We in California have a 12 percent unemployment rate, and the faster we get the people back to work, the better it is.

MORAN: What's the view from Harrisburg? The worst is yet to come, or the worst is over?

RENDELL: No, I agree with Governor Schwarzenegger. Our economy has done much better. We're at about a 8.8 percent unemployment, I think the lowest of any big state. We have a very diversified economy that sort of has gotten us through this, although 8.8 percent is terrible, obviously. But we've seen real signs of improvement. In the last three months together, we only lost 4,300 jobs, and we were losing 30,000, 40,000 a month a year ago. So things are getting better. Arnold is right.

Our economists predict growth will actually return next year, 3 percent growth, not great. The following year, they predict 4.5 percent growth, which is almost where we were in the beginning of the last decade, in the middle of the last decade.

But I think what Jim Douglas was referring to is the states are going to really have a problem when the stimulus money drops off. It's going to be a problem. But again, stimulus was never meant to be a permanent solution. It was meant to do two things. One, to be a bridge until growth returns, and it has been a very helpful bridge. No ifs, ands and buts about it. We would have had to lay off 50,000 more people had we not had the federal stimulus funds.

And then secondly, President Obama did something (inaudible). A lot of the programs are long-term programs. The green energy jobs, the broadband, the electrical grid jobs. Those jobs, that benefit from the stimulus is going to stretch out over the next five to 10 years. So states are going to have a management problem of their own budget when the stimulus funds drop off, but the economy -- I agree with the governor's estimate -- is coming back slowly, I think surely.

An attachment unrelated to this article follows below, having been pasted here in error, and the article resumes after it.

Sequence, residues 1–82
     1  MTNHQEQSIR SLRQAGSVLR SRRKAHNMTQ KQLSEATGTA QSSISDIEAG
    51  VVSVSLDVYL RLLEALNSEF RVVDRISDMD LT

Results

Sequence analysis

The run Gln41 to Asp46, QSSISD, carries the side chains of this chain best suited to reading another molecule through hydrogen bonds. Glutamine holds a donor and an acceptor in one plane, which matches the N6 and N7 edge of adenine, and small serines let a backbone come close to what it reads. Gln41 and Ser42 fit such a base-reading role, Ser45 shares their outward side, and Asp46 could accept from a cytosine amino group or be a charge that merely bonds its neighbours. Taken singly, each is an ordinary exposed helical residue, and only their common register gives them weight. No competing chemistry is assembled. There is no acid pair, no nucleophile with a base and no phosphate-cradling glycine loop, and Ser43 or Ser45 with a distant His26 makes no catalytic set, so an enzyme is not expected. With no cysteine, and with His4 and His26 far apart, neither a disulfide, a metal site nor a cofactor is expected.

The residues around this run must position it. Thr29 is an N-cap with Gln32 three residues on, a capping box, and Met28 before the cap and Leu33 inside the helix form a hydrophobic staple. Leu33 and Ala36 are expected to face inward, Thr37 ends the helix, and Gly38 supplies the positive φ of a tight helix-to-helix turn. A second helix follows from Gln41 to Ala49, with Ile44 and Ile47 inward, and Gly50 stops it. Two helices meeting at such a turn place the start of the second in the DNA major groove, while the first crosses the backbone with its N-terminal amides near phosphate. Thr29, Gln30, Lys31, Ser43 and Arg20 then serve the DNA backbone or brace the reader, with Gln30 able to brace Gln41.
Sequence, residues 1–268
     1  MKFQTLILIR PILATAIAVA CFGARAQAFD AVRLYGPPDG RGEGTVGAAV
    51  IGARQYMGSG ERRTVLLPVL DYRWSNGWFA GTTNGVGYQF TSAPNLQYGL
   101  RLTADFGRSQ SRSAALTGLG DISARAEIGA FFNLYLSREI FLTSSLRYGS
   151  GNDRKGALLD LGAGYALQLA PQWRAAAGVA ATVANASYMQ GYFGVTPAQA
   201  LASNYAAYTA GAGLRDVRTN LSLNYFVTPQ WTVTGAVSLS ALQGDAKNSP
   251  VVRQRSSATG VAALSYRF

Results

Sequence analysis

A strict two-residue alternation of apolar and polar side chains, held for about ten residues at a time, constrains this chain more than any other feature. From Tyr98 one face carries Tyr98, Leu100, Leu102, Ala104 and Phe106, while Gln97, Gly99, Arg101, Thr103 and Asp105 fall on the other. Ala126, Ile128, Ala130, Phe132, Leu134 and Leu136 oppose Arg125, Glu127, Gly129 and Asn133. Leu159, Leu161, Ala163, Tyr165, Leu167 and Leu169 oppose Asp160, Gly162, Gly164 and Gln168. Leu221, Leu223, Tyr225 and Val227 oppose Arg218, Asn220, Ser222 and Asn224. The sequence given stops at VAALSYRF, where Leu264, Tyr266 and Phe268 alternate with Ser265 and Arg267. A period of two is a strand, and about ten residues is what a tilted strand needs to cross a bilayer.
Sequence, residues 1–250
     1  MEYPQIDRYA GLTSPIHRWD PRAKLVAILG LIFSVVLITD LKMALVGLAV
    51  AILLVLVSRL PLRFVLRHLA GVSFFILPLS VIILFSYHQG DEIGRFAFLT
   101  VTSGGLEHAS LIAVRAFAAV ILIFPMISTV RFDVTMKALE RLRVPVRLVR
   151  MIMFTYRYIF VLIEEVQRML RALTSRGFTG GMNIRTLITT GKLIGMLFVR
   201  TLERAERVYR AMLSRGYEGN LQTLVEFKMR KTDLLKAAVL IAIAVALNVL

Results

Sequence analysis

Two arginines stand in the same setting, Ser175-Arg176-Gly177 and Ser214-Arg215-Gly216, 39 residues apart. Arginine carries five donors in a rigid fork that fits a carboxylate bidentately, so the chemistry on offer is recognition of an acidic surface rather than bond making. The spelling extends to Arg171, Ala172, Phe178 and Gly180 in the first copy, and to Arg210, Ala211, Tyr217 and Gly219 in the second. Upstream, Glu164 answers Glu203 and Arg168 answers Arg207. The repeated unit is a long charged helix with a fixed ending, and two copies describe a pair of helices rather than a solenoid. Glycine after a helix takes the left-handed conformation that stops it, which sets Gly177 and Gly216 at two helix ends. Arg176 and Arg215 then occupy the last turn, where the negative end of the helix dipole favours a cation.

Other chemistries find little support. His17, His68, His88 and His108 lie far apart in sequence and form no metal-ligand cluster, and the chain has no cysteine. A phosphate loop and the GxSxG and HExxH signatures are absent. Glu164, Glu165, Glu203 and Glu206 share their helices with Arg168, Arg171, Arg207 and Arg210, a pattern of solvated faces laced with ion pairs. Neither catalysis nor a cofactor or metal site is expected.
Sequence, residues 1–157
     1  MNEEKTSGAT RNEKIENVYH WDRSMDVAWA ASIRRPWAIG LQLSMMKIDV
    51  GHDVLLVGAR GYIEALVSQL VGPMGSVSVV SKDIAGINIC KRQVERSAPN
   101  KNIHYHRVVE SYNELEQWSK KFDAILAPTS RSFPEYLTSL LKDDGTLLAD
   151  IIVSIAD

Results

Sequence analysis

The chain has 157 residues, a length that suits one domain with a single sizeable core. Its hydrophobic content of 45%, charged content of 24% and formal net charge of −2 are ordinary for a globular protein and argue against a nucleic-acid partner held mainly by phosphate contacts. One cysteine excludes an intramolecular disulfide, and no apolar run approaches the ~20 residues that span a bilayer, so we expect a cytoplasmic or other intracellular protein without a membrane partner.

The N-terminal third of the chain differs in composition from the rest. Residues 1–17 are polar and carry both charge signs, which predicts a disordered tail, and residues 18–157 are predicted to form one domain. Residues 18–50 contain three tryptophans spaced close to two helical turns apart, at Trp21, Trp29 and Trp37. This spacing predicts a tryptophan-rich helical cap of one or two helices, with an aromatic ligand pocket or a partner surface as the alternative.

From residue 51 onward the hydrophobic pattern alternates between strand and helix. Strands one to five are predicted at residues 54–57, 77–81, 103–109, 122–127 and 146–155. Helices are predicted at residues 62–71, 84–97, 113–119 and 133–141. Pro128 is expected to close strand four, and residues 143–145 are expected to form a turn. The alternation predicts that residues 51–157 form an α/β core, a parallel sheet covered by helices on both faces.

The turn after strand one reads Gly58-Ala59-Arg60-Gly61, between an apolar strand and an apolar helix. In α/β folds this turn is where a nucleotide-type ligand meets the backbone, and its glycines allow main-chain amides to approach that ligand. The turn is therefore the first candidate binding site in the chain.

MORAN: Well, the Senate, as I said, is taking up a jobs bill this week, $15 billion. When it started at the White House, it was $200 billion. The House passed a $180 billion version. There was a deal for $85 billion. We're down to $15 billion now, but do you think there needs to be another stimulus, federal stimulus like this? Is $15 billion enough?

SCHWARZENEGGER: Well, I don't think that we need another stimulus as much as what we need is just to do what we have been talking about over the last two years, and that is rebuild America, because that will create jobs. That is why it is so important to think about the infrastructure, because we happen to be at a stage right now where if we don't rebuild our infrastructure, we're going to fall behind economically and we're not going to be the number one nation anymore. I mean, right now, we are the most powerful nation, but it is because we have this great infrastructure that over the last 100 years, we have built, built and built. But in the last few decades, we have stopped maintaining that infrastructure and we have stopped building and expanding that infrastructure, even though there's tremendous demand for that infrastructure.